Renaissance is taking on a very high degree of risk. With over $47 billion leveraged into the stock market, they won't have a fun time trying to get out once the market finanally turns ugly. How deeply the bias toward risk is represented in the core mathematical models is a question for the PhDs. Simons has reportedly collected around $3.2 billion in compensation during the last 2 years alone. When most people see those kind of numbers the reaction is that nobody could possibly deserve to make that much money. In my view, Simons has created a brilliant business model that takes advantage of flaws in the system. To the extent that he is profiting from the mistakes of other traders there is no real harm done to the economy. Indeed Simons has done a lot of good through his charitable contributions. However, to the extent that Renaissance is creating systemic risk by (possibly) playing the Yen Carry Trade, creating excess liquidity and promoting malinvestment Simons may be doing substantial economic damage to this country and the world.

The thing I'll be most intersted in watching is wether Renaissance has the ability or desire to reduce its risk exposure before it is too late of if they'll just continue taking on more risk until the system reaches its final limits. Hopefully I'll find some more clues to this in the Q1 holdings report they'll release in May.


Thursday, April 19, 2007

Trends in the Jobless Claims Point Toward a Slowing Economy and More Foreclosures

The housing slowdown has gone through two distinct stages so far. The first was related to the rapid exit of flippers who had been putting down deposits on pre-construction homes and then selling them for a profit before the homes were finished. Speculators created a demand vaccuum when it realized they needed to get out of contracts and inventory early last year. The second stage has been related to the tightening of credit and a shift in market psychology cutting into the number of willing and eligible buyers. Usually speculators and easy credit policies complete their cycles without too much of a an impact on the market, but this time they've been big enough to make for a very noticeable slowdown.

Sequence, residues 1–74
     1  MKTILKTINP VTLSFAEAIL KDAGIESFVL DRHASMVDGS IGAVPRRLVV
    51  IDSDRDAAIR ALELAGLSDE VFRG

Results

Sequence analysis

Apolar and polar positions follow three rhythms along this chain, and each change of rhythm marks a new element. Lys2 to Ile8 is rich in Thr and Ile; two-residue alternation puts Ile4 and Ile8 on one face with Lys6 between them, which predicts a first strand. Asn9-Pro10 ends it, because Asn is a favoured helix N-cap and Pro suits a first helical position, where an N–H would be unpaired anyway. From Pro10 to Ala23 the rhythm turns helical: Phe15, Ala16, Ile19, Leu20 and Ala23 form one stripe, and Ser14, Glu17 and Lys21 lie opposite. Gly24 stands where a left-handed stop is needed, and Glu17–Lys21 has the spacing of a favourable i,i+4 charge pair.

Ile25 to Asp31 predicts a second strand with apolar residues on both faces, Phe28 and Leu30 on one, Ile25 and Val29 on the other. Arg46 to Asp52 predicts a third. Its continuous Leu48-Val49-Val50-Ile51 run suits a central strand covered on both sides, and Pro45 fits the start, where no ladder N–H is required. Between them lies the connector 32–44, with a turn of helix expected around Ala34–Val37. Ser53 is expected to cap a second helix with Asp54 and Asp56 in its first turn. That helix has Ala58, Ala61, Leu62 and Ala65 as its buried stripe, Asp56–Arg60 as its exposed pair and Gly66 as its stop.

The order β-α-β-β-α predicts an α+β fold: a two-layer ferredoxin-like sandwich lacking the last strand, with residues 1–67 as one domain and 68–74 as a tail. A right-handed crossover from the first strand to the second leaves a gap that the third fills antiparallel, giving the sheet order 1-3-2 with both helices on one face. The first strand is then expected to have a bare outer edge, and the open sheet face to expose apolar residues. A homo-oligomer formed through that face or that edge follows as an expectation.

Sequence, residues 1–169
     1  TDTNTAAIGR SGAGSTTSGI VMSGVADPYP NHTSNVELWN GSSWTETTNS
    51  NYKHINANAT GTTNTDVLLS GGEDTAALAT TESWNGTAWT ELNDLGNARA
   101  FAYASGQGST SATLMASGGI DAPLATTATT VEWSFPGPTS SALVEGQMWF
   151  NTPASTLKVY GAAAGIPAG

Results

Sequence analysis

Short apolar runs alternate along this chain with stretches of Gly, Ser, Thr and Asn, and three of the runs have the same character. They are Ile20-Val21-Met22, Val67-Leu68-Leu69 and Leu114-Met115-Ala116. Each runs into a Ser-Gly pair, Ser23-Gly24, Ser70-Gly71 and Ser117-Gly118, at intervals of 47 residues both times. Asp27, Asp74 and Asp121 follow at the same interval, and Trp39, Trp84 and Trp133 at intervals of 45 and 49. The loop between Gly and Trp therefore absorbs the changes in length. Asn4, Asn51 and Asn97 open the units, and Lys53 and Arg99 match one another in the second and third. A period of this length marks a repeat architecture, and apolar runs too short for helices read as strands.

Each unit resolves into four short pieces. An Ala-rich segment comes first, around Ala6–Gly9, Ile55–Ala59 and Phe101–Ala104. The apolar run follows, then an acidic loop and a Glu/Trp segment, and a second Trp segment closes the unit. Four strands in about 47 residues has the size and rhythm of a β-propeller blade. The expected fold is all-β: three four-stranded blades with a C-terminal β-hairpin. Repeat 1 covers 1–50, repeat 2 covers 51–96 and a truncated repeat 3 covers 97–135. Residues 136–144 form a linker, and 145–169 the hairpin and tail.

The third stage will likely be due to the more traditional cause of housing slowdowns - job losses and a slowing economy. During the last recession, initial jobless claims climbed up over 400,000 per week, but have hovered around 300,000 much of the time since then. People losing jobs is traditionally the biggest cause of mortgage defaults (rather than reseting ARMs). Looking at the seasonally adjusted Initial Claims data demonstrates a rising trend:

The big spike last May was due to the brief shutdown of the Puerto Rican Government. Other than that, the rising trend seems clear and fits well with the well established slowdown in residential construction.

Looking at unadjusted numbers year-over-year (over-year), the recent rise over 2006 levels is clear, although the numbers are now roughly where they were in 2005:

Unemployment levels are still low historically and there isn't likely to be a big uptick in mortgage defaults based solely on the new claims we're seeing right now. The seasonal December and January layoffs may be adding to the rise in recent delinquencies we've been seeing, but it won't be until July when we get another seasonal spike. In September and October of 2005 we saw spikes from the big Gulf hurricanes.

In Year-Over-Year percentage terms, the uptrend is especially clear:

The rate of change in 2006 was mostly negative, even without the hurricane comparisons. The rate of change began to swing sharply positive in February 2007.